• There's a Gahan Wilson cartoon where Heaven is a slum and all the angels are alkies with cardboard wings and burlap robes. One of them happens to remark, "I always thought this place would be a whole lot classier."
  • June 24, 2008
    arromdee
    The limbo in Stargate is not only a diner, it's the same diner used in "Dead Like Me".
  • June 24, 2008
    HeartBurnKid
    In SubGenius mythology (such as it is), there's a section of Hell called "West Heck", that's just like the living world, only more dreary and depressing. The implication being that you could be there right now and not even realize it; you just think that your life sucks.
  • June 24, 2008
    Tera
    Moby's music video for Run On depicts Heaven as a call centre inside an office building.
  • June 24, 2008
    Seanette
    Having worked in call centers, I'm thinking that would be a better representation of Hell.
  • June 25, 2008
    Arivne
    The depiction of Hell in Highway to Hell (1992). It included a diner and a strip club.
  • June 25, 2008
    UnknownTroper
    Valhalla, the feasthall of the Aesir, where Valkyries are your waitresses and all your wounds from brawling heal in like thirty seconds.
  • June 25, 2008
    BlackDragon
    I dunno how mundane that is - a feast-hall where roast pork and mead flows neverending, where the waitresses are all buxom and willing, and where there's always an old enemy to challenge to a stirring fight when you get bored... hardly mundane, IMO. (Incidentally, the Valkyries are NOT waitresses. They collect the Einherjar and take them to Valhalla, but certainly don't serve them food.)
  • June 25, 2008
    Tera
    Seanette: It Makes Sense In Context, trust me.
  • June 25, 2008
    Heatherly
    How did we get this far without Dead Like Me? That show's all about dead people who are stuck in an afterlife that's just like their actual life, only worse. (Temp jobs, bad apartments and having to occasionally see people they used to know without being recognized all comes with the territory)
  • June 25, 2008
    BigT
    Should this trope include places that aren't the real afterlife, but just a convenient depiction? Cuz I'm pretty sure the Diner was just a way for not-quite-ascended Daniel to make sense of what was going on.
  • June 25, 2008
    Nate the Great
    That's why I called it Limbo. Remember that Anubis could hang out there, too.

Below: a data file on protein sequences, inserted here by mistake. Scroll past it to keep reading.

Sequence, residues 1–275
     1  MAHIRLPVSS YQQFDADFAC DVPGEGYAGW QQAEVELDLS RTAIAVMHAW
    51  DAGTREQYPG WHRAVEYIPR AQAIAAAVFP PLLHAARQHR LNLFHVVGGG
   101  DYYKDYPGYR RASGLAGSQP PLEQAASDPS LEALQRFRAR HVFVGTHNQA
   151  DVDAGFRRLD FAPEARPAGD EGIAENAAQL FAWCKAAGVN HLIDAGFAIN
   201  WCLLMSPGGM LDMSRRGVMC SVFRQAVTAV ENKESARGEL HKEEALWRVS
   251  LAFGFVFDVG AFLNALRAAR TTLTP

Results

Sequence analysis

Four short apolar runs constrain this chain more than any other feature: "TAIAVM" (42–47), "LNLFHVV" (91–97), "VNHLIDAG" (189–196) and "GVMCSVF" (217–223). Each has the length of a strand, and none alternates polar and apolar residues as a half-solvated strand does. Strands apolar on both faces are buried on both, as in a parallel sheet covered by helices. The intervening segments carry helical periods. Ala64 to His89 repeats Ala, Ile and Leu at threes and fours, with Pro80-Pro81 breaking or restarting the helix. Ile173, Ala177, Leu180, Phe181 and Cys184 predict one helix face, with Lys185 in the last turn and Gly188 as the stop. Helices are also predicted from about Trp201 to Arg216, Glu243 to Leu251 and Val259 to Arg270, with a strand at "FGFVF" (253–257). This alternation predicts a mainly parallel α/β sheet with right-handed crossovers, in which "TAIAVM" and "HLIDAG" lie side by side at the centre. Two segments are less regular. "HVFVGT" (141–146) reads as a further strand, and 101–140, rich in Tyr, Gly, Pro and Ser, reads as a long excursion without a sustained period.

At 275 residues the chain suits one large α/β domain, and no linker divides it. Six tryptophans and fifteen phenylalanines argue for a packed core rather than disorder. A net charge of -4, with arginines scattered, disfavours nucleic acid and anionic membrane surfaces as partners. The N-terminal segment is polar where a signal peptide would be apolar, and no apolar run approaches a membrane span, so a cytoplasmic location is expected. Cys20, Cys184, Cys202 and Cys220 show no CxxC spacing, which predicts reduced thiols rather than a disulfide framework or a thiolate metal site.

• June 26, 2008
    JRandomUser
    An honorable mention goes to the depiction of the Q Continuum in one episode of Voyager. It's not heaven or hell, of course, but as home to a race of Sufficiently Advanced Aliens, it's certainly on par. To show why he wants to commit suicide, a Q philosopher shows the Continuum to Janeway as a tiny town on a dusty backwater road where nothing new ever happens.

    Later, in the same series, B'elanna goes to the Klingon hell, and finds it to be an eternity on Voyager.
  • June 26, 2008
    Kaybor
    Sartre's No Exit- Hell is being locked in a room with strangers.
  • June 26, 2008
    Gizensha
    Johnny The Homicidal Maniac depicts hell as the real world without the decent folk mixed in with everyone else.
  • June 26, 2008
    Nate the Great
    A few of these examples seem like they'd fit into another trope called Mundane Dream Sequence. Why be fanciful with sets and pay for new actors? Just dim the overall illumination, saturate the light sources, and tell the regulars to act like wigged-out versions of themselves?
  • June 26, 2008
    Sir Psycho Sexy
  • June 26, 2008
    UnknownTroper
    In Terry Pratchet's Good Omens, the orignally Punch Clock Villain demon Crowley describes both Heaven and Hell as being eventually unbearable: Hell is too active all the time and Heaven is too boring. Crowley states that he prefers the human world, and the only reason he corrupts souls is because he's supposed to.
  • June 26, 2008
    UnknownTroper
    @arromdee

    The diner is just a gathering place for beings who have ascended, not the entire after life.
  • June 27, 2008
    Andy Waltfeld
    I'd like to remove all references to Bleach from the record that don't pertain to the overlap with Celestial Bureaucracy. You see, while it IS possible to die within Soul Society and related environs, you have to be in a flashback.
http://tvtropes.org/pmwiki/discussion.php?id=qh0wdyrg&trope=MundaneAfterlife